Cyclists Using Sidewalks Leaves Blind Woman Scared for Safety:

‘We haven’t met anyone who has apologized . they’re not concerned,’ says Janis Brackman
By Laura Glowacki,
CBC News, June 6, 2016.

A blind woman says she can’t go for a walk without feeling threatened by cyclists zipping past her on the sidewalk in Winnipeg. Janis Brackman lives in Winnipeg’s Osborne Village area. Every time she steps out her front door, she has to be just as on guard for bikes.

Her walks have turned into “worrying about what’s coming behind me or towards me.” “Now that I’ve got to listen for the bikes I don’t concentrate as well on the cane and the traffic sounds,” she said.

The fine for riding on the sidewalk with an adult bike in Winnipeg is $113.10, according to Winnipeg police.

The situation has her husband, Alan Brackman, fuming. “There’s a complete disregard for pedestrians. It’s a public safety issue,” he said. “What I’d really like to do is have them walk down the sidewalk with a cane, blindfolded and have bikes whiz past them.”

Brackman worries one misstep to the left or right could put his wife and a cyclist in serious danger. “If they fall off their bike and they fall on the roadside they could actually get killed,” he said.

The Brackman’s have had little luck politely reminding cyclists of the rules. Adult-sized bikes with a rear wheel diameter greater than 410 millimetres are not permitted on the sidewalk, according to the Highway Traffic Act. “We haven’t met anyone who has apologized . they’re not concerned,” said Brackman .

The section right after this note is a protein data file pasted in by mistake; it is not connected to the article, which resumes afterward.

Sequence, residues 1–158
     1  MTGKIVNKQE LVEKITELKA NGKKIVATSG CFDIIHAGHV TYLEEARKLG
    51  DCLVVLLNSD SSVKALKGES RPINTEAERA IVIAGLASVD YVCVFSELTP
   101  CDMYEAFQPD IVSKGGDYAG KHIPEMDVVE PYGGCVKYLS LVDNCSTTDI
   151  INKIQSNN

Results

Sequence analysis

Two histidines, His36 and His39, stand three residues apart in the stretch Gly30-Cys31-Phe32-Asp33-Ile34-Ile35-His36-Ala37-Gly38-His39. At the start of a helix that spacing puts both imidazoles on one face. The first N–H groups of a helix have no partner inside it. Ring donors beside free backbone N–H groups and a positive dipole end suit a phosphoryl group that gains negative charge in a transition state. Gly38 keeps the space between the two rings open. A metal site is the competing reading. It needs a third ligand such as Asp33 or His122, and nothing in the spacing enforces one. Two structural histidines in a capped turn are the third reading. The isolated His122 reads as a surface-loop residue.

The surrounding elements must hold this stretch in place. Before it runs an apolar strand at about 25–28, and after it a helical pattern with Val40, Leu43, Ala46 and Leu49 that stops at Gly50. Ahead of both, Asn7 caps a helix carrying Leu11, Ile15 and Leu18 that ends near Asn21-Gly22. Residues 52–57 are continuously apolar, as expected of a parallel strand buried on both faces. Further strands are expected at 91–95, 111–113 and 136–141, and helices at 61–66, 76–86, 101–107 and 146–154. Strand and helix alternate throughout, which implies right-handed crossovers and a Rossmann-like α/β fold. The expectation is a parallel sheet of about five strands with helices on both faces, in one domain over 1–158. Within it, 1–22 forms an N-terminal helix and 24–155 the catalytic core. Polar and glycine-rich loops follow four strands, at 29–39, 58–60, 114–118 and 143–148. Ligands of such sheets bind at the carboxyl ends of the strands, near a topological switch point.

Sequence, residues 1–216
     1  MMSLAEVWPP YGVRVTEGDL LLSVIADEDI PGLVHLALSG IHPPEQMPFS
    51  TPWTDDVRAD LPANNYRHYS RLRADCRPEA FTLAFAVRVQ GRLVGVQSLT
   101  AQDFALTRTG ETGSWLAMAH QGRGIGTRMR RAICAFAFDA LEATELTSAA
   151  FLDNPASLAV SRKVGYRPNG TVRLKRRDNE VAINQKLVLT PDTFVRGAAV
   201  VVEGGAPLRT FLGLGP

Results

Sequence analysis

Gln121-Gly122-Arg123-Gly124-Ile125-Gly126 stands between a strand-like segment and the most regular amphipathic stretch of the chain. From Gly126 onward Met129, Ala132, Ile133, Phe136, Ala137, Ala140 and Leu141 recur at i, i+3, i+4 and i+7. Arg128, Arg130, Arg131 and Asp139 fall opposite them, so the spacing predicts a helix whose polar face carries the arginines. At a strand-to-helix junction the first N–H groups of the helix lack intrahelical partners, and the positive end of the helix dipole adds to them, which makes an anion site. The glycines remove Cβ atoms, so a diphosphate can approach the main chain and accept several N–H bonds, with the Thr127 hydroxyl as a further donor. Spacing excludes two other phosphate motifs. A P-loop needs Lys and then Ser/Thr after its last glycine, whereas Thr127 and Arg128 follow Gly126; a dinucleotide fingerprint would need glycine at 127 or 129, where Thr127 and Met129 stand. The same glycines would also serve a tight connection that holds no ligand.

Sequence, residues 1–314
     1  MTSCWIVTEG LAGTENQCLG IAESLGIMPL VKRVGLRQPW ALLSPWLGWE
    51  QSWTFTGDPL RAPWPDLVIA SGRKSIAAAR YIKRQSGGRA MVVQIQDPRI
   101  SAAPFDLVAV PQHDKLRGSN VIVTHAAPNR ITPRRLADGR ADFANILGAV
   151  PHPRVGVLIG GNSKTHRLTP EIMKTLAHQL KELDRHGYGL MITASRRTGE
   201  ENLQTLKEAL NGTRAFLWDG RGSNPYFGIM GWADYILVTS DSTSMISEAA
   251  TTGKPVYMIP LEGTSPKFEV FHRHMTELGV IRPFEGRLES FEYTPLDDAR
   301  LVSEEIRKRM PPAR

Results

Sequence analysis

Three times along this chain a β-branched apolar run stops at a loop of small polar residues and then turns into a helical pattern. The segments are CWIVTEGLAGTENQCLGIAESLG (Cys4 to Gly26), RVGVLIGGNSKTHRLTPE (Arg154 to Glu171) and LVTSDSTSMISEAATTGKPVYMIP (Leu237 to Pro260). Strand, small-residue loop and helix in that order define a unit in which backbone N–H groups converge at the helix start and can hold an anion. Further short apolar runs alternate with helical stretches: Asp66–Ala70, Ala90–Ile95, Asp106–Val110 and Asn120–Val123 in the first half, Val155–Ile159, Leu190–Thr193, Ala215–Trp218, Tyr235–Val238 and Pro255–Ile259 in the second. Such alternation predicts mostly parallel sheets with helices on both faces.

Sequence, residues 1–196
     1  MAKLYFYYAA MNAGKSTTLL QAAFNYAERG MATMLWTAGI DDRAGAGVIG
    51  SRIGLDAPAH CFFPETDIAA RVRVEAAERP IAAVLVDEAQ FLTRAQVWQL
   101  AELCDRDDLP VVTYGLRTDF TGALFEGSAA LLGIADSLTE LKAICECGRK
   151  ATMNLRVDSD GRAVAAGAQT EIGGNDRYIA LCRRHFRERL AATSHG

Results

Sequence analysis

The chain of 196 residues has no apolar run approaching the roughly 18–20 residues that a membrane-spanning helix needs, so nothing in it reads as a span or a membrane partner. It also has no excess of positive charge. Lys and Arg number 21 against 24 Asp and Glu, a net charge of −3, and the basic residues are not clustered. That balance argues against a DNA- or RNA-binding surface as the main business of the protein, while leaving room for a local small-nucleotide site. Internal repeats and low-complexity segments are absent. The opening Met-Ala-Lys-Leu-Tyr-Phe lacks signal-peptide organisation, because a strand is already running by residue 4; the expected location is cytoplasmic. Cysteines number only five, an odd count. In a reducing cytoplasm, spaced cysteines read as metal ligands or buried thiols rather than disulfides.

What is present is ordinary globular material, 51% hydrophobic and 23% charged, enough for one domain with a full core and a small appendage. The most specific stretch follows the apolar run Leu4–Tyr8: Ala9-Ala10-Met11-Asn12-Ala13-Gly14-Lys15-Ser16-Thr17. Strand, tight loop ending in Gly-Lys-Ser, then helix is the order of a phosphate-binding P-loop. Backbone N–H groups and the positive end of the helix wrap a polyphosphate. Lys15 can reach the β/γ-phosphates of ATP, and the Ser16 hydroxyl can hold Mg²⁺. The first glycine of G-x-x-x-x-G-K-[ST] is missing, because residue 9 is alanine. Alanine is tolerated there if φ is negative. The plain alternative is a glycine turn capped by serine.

So far in 2016, Winnipeg police have handed out 11 tickets to people cycling on the sidewalk. (Sarah Penton/CBC).

The couple said they’ve witnessed cyclists – of all ages – using sidewalks in many parts of Winnipeg, from River Avenue to Corydon Avenue and River Heights. “They can be anything from people who might be in their 50s or 60s to younger people in their teens, men and women, some wear helmets some do not,” he said.

Const. Jason Michalyshen with the Winnipeg Police Service said cracking down on cyclists using sidewalks is not a priority for the force right now. “Were not involved in campaigns where we’re targeting people who are riding on sidewalks,” he said. Michalyshen added; however, anyone who notices a trend or repeat offenders should report it to the police non-emergency line. “It’s a concern,” he said when people are not abiding by the Highway Traffic Act. In 2015 Winnipeg police handed out 191 tickets for cycling on the sidewalk. So far this year, officers have given out 11. The fine for the offence is $113.10.

with files from Kim Kaschor

Click on the link below for the CBC interview with Janis

Reproduced from http://www.cbc.ca/player/play/700155971572/